JWL Issue #151: 3 Great Supermarket Wines Under £10, plus what are wine faults?

August 10, 2021

After a skipped July due to Isabelle being ill, the weekly tasting is back. This Wednesday join Isabelle for our monthly wine tasting.

For those of you who are brand new to wine tasting, join at 8pm. We'll kick off with a how-to on how to taste and guide you through the tasting cards.

From 8.20pm, we'll be talking through this month's main two wines specifically. We'll give you the winemaker story, introduce you to the grapes, and walk you through a guided tasting.


Choice can be an overwhelming thing sometimes. While we've reduced the total number of different bottles in our shop to help with this, there's still a large number.
Our mixed cases can help here. As a starting point our best-selling whites, and best-selling reds list the current top-sellers. But we've also got boxes for natural (white & red), as well as boxes designed for the heatwave (four or six) next week. All mixed cases have 10% off.

Taste & Learn

This week we’re covering some great value wines in Taste and wine faults in Learn.

Happy tasting,



Three really well-priced wines out there right now

Dr L is the wine to drink if you’re having some Thai food this week. It is such an easy going summer drink. From one of the big producers in Germany, Dr Loosen (ASDA, £7) is famous for their riesling with a little peachy sweetness. Perfect for spicy food.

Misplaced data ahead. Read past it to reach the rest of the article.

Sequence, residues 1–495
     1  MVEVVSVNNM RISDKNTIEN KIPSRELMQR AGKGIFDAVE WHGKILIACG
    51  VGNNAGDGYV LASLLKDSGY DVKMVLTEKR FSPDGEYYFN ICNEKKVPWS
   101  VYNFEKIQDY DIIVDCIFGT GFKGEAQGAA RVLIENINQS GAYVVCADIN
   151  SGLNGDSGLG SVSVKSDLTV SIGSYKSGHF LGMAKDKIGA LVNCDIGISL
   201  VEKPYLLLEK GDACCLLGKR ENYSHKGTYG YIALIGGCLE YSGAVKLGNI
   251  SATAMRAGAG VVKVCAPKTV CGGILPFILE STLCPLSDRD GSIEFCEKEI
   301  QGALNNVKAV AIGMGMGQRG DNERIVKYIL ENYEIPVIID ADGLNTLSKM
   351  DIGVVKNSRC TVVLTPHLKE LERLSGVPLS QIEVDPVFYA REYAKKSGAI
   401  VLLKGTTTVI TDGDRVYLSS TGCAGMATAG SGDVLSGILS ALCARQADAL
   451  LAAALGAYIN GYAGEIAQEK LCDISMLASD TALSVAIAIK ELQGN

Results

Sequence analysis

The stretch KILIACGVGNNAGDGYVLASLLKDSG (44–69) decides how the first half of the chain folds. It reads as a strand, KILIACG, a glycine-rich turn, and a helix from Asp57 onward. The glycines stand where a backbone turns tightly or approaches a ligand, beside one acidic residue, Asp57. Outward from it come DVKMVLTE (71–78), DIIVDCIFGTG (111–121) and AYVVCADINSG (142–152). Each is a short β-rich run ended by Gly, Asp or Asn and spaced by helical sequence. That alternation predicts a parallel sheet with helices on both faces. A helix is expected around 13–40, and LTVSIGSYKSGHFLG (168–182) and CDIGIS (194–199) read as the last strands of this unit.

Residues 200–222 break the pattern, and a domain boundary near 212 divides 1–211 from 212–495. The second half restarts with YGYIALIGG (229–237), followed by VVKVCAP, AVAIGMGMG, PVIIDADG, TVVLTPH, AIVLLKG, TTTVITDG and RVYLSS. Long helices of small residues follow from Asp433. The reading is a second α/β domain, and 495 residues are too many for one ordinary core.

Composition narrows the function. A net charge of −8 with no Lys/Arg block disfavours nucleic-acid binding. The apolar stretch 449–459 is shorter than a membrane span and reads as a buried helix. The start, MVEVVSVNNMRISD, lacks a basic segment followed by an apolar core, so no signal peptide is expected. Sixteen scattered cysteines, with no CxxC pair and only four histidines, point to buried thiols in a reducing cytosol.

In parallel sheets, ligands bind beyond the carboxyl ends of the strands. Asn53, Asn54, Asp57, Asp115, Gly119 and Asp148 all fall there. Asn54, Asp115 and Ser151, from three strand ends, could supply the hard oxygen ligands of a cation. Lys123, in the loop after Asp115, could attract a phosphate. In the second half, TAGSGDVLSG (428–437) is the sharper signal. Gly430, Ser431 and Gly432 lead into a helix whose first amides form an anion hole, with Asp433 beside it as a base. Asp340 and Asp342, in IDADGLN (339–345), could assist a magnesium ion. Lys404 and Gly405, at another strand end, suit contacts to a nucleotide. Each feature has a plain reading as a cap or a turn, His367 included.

The opposite side of the board is Patricius Dry Furmint (Waitrose, £8.99). A really savoury wine with white pepper, pebbles and honey. Really complex and great value.

Malbec rosé (ASDA, £4.88) is almost copper in colour. Burnt peach and bruised apple. It’s got more bite to it than a classic Provence style rosé. It was £6.50 but it’s currently on offer for £4.88.


What are faults in wine?

There are some certain aromas in wine that mean there’s a fault in it.

These can be caused by too much oxygen, bacteria in the wine or mould. You’ll find they can smell like wet cardboard, musty beetroot, vinegar or rotten eggs.

However, you’ll notice that some of your favourite wines have some of these smells. In very small amounts, sometimes a ‘fault’ can actually add interest and depth to a wine. In the right quantity it can be an added benefit.

Think of ‘reduction’ in wine, one of the main wine faults. A little and it smells like a wonderful struck match - it adds complexity. Too much and it smells like less wonderful rotten eggs.

Did you know?

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